( 6 ) ON behalf of the respondents it is contended that the petition filed without the consent of the board is not maintainable.

( 7 ) IT is clearly implied by a plain reading of above sub-section (1) that (i) in respect of the company if reference is made under the SIC Act before BIFR and (ii) if such reference is pending before the Board or the appellate authority, then (iii) no proceedings for the winding up of the industrial company or for execution, distress, etc. , shall lie or be proceeded with further, except with the consent of the Board or, as the case may be, the appellate authority. It would be crystal cleat that making of reference and pendency thereof, i. e. , reference, are two main conditions when consent of the Board is required for initiating winding-up proceedings. The expressions appearing "shall lie or be proceeded with further" are most crucial and of vital significance. Undoubtedly, the expression "no proceeding shall lie" clearly envisages the initial institution of the proceedings for winding up. Whereas the expression "be proceeded with further", it clearly provides and means that the same refers to the reference made later on or at subsequent stages of institution of the petition in the court as is clearly spelt out from the first part of sub-section (1) of section 22 of the SIC Act. To put it clearly it talks of, in the first instance, proceedings filed before the reference to BIFR when it speaks of "shall lie". The second category of the proceedings contemplated are those where reference to the BIFR is made after the filing of the proceedings and, therefore, the expression used is "be proceeded with further". Obviously and naturally, the question of obtaining prior consent of the Board would arise, firstly, for initial filing of the proceedings for winding up as well as further continuation thereof.

( 8 ) SUB-SECTION (1) of section 22, thus as noticed above, makes clear distinction of the two stages of the institution of the winding-up proceedings, i. e. , prior to the reference and after the reference. It thus clearly means that, of in a given case as in the instant case, where the reassurance was already made to the BIFR and declaration made as a sick company by the board, then the prior consent of the Board for the institution is imperative and mandatory in view of the expression "shall lie" appearing in the statute.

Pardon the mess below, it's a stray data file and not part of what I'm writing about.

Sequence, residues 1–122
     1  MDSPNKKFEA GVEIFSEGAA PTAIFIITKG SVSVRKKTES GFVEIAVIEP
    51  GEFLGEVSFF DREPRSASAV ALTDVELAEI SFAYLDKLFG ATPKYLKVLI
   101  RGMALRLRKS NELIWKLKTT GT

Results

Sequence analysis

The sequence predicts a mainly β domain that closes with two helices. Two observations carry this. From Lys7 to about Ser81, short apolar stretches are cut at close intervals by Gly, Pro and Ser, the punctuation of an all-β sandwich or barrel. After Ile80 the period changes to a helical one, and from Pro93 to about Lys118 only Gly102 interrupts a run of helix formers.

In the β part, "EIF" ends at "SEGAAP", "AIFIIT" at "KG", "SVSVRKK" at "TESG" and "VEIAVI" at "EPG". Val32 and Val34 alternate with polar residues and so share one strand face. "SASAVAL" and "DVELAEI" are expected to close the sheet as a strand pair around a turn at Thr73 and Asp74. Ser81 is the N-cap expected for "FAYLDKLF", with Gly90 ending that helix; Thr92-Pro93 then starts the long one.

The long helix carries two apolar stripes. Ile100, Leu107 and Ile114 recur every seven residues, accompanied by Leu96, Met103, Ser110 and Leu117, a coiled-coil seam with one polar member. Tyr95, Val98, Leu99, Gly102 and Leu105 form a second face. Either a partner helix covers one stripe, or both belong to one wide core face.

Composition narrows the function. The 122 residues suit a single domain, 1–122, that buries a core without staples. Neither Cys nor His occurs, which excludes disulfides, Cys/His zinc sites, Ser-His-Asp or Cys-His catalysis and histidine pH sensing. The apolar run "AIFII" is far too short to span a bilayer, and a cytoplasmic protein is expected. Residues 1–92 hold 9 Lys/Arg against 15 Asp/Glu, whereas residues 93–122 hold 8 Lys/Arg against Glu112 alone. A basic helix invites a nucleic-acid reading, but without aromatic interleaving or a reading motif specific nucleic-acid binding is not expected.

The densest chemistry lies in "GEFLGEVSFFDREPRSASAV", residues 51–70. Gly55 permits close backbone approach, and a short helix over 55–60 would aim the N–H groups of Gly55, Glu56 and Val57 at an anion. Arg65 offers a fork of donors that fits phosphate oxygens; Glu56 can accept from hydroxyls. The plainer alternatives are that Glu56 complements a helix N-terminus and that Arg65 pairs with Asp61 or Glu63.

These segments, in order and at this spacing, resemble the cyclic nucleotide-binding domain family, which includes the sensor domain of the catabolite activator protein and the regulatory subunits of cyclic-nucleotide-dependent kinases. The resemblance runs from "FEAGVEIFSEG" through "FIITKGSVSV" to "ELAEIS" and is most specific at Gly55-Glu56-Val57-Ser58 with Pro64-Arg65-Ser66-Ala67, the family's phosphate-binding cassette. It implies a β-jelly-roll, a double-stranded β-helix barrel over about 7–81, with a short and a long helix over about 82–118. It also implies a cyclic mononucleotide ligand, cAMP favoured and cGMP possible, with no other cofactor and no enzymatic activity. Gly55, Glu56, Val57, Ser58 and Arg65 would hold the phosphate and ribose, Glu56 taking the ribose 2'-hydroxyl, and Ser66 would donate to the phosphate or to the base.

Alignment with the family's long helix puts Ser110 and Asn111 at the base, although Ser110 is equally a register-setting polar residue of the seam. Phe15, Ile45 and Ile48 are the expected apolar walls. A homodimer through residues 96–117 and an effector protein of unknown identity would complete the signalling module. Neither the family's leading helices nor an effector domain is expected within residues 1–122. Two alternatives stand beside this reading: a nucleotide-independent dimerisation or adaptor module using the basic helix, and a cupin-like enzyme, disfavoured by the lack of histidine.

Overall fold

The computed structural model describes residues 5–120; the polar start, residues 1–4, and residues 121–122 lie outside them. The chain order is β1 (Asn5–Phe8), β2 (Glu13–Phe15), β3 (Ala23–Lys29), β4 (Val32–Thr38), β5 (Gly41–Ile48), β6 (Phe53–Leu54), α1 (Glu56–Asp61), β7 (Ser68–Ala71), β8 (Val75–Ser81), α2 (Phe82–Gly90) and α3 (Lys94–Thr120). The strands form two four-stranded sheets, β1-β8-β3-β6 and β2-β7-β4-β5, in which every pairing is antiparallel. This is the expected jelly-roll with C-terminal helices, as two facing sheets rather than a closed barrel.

( 9 ) I may usefully refer to certain decisions which lend support to the view as expressed by me above.

( 10 ) THE first is the decision of Supreme Court in the case of Gram Panchayat v. Shree Vallabh glass Works Ltd. [1990] 2 SCC 440; [1991] 71 Comp Cas 169 which arose directly on the interpretation and meaning of sub-section (1) of section 22 of the SIC Act. The facts in the said case disclose that the petitioner a gram panchayat, adopted proceedings under section 129 of the bombay Village Panchayat Act against the respondent-company for the recovery of property taxes due from the company, which was declared a sick company be the Board under the provisions of the SIC Act. The company challenged the same in a writ petition claiming protection under section 22 of the SIC Act (as in the instant case) in the High Court. The High court accepted the petition and restrained the gram panchayat from recovering the property taxes without the consent of the Board. The matter was carried to the apex court, which confirmed the decision of the High Court reiteration and reaffirming that the proceedings adopted without prior consent of the Board were not maintainable. The observations appearing in para 11 of the said judgment are eloquent, which bring out the legal position luminously clear (at page 173) :